Maybe the combined campaigning of everyone who has been involved has taken some of the Lancashire County Councillors a bit by surprise because as we know this all started from a proposal buried deep in a consultation document.

It seems that we have about a year to reverse the decision to shut the ticket office, so maybe we need to carry on asking the questions of our politician’s, especially for the next few weeks in the run up to the election, though I must say that Rosie Cooper our M P has been asking questions on my behalf, with a reply arriving the other day from Claire Perry M P Under secretary of State, Department of Transport who focuses on the re-letting of the Northern and TransPennine Express franchises “and passengers will be at the heart of them”

I wonder if David Burrow’s the Lancashire CC leader is now whishing he hadn’t supported the possibility of shutting the ticket office at Burscough Bridge, especially now that a report has been produced that could see the Southport to Wigan line electrified by 2024, surely it would be better with a proactive ticket office staff as we have now so everybody, from the travelling public, the train operator and the country’s economy benefits from increased train usage?

Colin Wareing 26.3.15

Burscough ticket office what now..

Blog posting, 21.3.15

Burscough ticket office what now..

Well it has been confirmed by the Burscough Bridge ticket office staff that following Lancashire County Councils setting of the budget that the ticket office will close on the 30th March 2016.

So is that the end of it?

Possibly but possibly not.

There are still a lot of people interested in retaining the ticket office facility in some form or another, from the Parish Council, local people, another few letters have appeared in the local press, and OPSTA.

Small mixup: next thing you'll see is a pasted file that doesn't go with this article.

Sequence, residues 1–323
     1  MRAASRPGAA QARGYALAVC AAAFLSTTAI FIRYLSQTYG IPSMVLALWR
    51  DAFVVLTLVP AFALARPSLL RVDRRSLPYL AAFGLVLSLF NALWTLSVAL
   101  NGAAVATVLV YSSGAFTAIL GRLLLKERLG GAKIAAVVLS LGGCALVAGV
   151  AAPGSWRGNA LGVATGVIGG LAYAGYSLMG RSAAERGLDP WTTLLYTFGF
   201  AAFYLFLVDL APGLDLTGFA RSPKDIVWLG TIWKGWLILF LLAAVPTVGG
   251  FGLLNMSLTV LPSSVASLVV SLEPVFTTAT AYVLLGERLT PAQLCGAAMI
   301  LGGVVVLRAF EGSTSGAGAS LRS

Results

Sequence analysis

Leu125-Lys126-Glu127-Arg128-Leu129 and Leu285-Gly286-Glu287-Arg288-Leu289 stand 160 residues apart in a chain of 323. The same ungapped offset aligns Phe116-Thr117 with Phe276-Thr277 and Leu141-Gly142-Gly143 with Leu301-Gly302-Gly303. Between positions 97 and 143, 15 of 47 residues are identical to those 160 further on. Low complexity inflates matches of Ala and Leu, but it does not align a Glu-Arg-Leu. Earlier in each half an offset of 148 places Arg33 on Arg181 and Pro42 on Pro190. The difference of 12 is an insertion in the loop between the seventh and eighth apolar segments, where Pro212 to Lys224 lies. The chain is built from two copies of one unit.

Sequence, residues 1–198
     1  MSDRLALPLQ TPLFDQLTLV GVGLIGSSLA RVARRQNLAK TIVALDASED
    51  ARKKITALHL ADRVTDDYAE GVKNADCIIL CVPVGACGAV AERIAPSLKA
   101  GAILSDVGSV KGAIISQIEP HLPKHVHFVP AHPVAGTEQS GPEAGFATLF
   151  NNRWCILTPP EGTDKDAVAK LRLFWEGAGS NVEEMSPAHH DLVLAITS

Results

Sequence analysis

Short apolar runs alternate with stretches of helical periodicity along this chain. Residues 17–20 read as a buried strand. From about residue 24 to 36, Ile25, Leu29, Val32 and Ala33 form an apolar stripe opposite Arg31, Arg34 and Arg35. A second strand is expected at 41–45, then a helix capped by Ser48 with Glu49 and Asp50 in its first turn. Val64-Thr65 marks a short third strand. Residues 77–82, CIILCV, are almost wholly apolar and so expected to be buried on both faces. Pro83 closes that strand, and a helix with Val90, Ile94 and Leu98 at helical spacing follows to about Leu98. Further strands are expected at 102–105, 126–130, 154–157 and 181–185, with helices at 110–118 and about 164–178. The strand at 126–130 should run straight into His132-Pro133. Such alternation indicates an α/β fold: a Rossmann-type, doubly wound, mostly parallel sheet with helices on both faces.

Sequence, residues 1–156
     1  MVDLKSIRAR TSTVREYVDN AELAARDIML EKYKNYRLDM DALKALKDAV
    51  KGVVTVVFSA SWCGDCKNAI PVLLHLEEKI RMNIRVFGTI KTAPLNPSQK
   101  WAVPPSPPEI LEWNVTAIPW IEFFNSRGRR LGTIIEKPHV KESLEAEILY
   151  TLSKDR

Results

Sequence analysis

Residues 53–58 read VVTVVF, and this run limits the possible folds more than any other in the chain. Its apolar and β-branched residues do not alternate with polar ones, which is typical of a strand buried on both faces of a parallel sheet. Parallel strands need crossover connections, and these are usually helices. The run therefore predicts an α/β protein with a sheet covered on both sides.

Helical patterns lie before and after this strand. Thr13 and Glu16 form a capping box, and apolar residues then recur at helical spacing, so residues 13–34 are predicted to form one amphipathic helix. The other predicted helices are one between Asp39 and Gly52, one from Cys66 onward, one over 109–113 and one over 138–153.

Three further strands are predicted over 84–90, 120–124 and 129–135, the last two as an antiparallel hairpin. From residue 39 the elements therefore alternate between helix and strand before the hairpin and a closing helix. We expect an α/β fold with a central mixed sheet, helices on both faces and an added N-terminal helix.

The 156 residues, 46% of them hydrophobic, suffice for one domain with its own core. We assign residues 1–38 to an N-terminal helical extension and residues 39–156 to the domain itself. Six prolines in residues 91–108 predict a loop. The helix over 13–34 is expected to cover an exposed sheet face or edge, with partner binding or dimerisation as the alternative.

Generally the feeling can be summed up as

'The parish council doesn’t seem to happy with the lack of answers it has been getting to it’s questions of the county council and is making the strongest representation it can to get a response  to it’s questions and OPSTA is also pursuing answers as to what can be done.

Maybe we should be getting in touch with George Osborne the Chancellor of the Exchequer as he is keen on promoting the Northern Powerhouse., naming one of Northern’s “new” electric trains yesterday “Northern Powerhouse” at Manchester Piccadilly.

One interesting think I was told the other day is that the station building is built on Network Rail land, and part of the agreement of it being there is that there has to be a ticket office in the building. Don’t know if it’s a fact but if it is does no ticket office equal no building?

Colin 21.3.15

Add your content here!

A week in Nailsworth day 2

 Sunday the 1st March 2015

We had another good wander around the town of Nailsworth again this morning,  using the maps and walk guides, from the Tourist information.

It was a nice crisp sunny morning and the traffic not to bad around town, though a broken down car on the main roundabout in the middle of town wasn’t helping. It got a bit chaotic at times, but the fella who recovered the car was very cool and did a grand job.

Rescueing broken down car in Nailsworth

 

 

 

 

 

 

 

 

 

 

 

 

Some nice old mills and stone buildings, and the Town hall are very impressive.

We ended up eating in the cottage today, obtaining supplies from the Morrison’s supermarket.

We think we are a bit early n the year for all the cafe’s to feel it’s worth opNailsworth town hallening on a Sunday.

 

 

 

 

 

 

 

 

 

 

 

 

 

 

It rained quite hard this afternoon, glad we didn’t go out again, Carole watched the rugby and I worked on images.  

Colin 2.3.15

 

 

 

 

 

 

 

 

 

A week in Nailsworth day 1

We drove down in the truck on, Friday the 27th Feb.